Norway, UK Discuss eLoran Timing
The following was published by the Norwegian media outlet Bladet Vestralen.
Translation Courtesy of Mr. Jens Hoxmark and Prof. David Last
Loran Demolition stopped
By Mareno Leonhardsen
Published:17 March 2016
Bø: Minister of Transport and Communications Ketil Solvik-Olsen has called a halt to the demolition of Norwegian Loran-C stations.
This emerges from a letter from the Norwegian ministry to the British Government, which has approached Norway regarding cooperation on a new eLoran system designed to protect against the loss or malfunctioning of satellite systems:
“Thank you for your letter regarding the UK’s interest in the eLoran system.
As you know, The Norwegian Government considers the Loran-C system to be obsolete and consequently has decided to terminate the system by the end of 2015. Furthermore, we have not considered it a viable option to upgrade the system to an eLoran configuration to be used as a source for resilient positioning, navigation and timing. Therefore, we had planned to dismantle the Loran-C transmitters.
However, in light of new developments, I have decided to postpone the dismantling of the Loran-C infrastructure for the time being.
Based on your inquiry, I support your suggestion for a meeting to discuss the matter and would like to hear your views on how the United Kingdom envisages the use of eLoran, and how you based on information from UK industry envisage the use of the Norwegian Loran transmitters.
I would suggest that we make arrangements to set up a meeting as soon as possible” replied Minister of Transport Ketil Solvik-Olsen to Prime Minister David Cameron’s “right-hand man” The Right Honourable Oliver Letwin.
During a current hearing into “digital vulnerability and a secure society” ‘, Luftfartstilsynet (the Norwegian Civil Aviation Authority) has pointed out the relationship between eLoran and the risk of losing of timing for digital infrastructure:- “In the Section dealing with Loran-C and eLoran there is no mention of a the recent vulnerability assessment carried out in USA. As a result of this, the USA has changed its policy and will focus on Enhanced Loran (eLoran) as back-up for Navstar GPS”. It also noted that competent expert groups had pointed out that eLoran would be able to broadcast warnings in the event of GNSS signals becoming unreliable or being jammed. The CAA strongly recommended considering investment in upgrading to eLoran, and quoted from NOU 2015:13: “An assessment should take into account the interests of multiple user groups and sectors in an overall cost-benefit analysis that is rooted in a realistic threat scenario.”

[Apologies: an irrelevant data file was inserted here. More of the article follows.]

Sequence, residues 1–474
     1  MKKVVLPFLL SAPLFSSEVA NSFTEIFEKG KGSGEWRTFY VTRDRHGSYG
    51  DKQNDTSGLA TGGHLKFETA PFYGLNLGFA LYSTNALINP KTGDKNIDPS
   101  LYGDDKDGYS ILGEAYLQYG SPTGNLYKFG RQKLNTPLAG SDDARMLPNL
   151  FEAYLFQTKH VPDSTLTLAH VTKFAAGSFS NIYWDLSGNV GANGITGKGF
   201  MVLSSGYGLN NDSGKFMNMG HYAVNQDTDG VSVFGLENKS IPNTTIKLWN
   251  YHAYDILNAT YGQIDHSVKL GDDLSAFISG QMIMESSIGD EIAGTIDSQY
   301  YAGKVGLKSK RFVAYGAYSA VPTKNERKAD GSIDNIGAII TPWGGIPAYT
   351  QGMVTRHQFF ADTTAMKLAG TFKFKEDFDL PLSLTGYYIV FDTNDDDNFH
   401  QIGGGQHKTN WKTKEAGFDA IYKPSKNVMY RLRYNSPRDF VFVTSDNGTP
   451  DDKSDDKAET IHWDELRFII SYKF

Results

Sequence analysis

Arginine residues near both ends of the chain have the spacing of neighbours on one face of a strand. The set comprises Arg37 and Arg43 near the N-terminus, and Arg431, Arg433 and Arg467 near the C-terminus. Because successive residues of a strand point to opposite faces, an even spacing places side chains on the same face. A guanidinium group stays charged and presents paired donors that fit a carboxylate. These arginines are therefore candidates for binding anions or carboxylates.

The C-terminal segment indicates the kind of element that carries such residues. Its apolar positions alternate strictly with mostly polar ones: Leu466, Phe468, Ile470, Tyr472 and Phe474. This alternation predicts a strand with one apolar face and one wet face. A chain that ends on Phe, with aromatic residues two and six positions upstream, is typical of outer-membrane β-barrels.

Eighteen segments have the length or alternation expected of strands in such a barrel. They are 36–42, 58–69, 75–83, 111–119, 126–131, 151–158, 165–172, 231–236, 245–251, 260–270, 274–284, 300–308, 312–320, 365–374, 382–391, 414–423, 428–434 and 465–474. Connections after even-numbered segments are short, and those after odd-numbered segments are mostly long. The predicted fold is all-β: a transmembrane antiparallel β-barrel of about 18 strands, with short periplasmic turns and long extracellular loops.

Disturbances: At its best this would lead to a safer society and a few jobs. That ATMs will go on working and ships stay in their channels.
It’s now well understood how dependent we have made ourselves on satellite signals, so atmospheric disturbances, terrorism and other events can put our society out of service for long periods. Only recently have the governments of a number of countries begun to consider how to protect themselves against these threats.
Norway has four navigation stations that could be used to establish such security, if they were upgraded. One of these, close to Bø, played a vital role in controlling the old Loran which was switched off at New Year. The job of dismantling the equipment began right away.
The Brits got a clear wakeup call on 26 January 2016, when many services were knocked out by a minor error in GPS-synchronised systems, including BBC broadcasts across their DAB network: Perhaps it was not a very good idea to become so dependent on others in this sector? Evil tongues said: ‘Even Hitler failed to put the BBC off the air for as long as a time glitch in a single satellite managed’ on that January day.
The Brits believe eLoran can provide the UK with adequate security in this sector. The English want to see more eLoran operating alongside their own and are therefore on a course to persuade Norway to stay on the air, according to the understanding of Bladet Vesteraalen.
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